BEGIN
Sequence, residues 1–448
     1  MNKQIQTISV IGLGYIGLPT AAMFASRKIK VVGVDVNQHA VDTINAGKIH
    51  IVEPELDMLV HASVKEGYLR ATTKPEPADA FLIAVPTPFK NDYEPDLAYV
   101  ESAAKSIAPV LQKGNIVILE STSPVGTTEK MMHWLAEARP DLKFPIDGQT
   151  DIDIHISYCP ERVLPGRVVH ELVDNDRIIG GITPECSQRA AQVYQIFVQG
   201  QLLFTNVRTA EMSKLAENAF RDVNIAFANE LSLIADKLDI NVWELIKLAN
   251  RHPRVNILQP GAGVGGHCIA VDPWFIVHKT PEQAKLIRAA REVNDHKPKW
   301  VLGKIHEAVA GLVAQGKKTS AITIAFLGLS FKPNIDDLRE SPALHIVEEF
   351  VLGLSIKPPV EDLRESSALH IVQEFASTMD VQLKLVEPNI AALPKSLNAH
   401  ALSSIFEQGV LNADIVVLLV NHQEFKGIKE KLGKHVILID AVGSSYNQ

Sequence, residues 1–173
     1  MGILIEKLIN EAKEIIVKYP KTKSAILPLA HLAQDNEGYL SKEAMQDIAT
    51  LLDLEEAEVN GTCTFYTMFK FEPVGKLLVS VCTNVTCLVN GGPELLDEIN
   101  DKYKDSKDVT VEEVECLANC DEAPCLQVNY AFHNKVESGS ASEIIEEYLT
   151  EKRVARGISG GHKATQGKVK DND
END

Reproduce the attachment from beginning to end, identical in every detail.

Sequence, residues 1–448
     1  MNKQIQTISV IGLGYIGLPT AAMFASRKIK VVGVDVNQHA VDTINAGKIH
    51  IVEPELDMLV HASVKEGYLR ATTKPEPADA FLIAVPTPFK NDYEPDLAYV
   101  ESAAKSIAPV LQKGNIVILE STSPVGTTEK MMHWLAEARP DLKFPIDGQT
   151  DIDIHISYCP ERVLPGRVVH ELVDNDRIIG GITPECSQRA AQVYQIFVQG
   201  QLLFTNVRTA EMSKLAENAF RDVNIAFANE LSLIADKLDI NVWELIKLAN
   251  RHPRVNILQP GAGVGGHCIA VDPWFIVHKT PEQAKLIRAA REVNDHKPKW
   301  VLGKIHEAVA GLVAQGKKTS AITIAFLGLS FKPNIDDLRE SPALHIVEEF
   351  VLGLSIKPPV EDLRESSALH IVQEFASTMD VQLKLVEPNI AALPKSLNAH
   401  ALSSIFEQGV LNADIVVLLV NHQEFKGIKE KLGKHVILID AVGSSYNQ

Sequence, residues 1–173
     1  MGILIEKLIN EAKEIIVKYP KTKSAILPLA HLAQDNEGYL SKEAMQDIAT
    51  LLDLEEAEVN GTCTFYTMFK FEPVGKLLVS VCTNVTCLVN GGPELLDEIN
   101  DKYKDSKDVT VEEVECLANC DEAPCLQVNY AFHNKVESGS ASEIIEEYLT
   151  EKRVARGISG GHKATQGKVK DND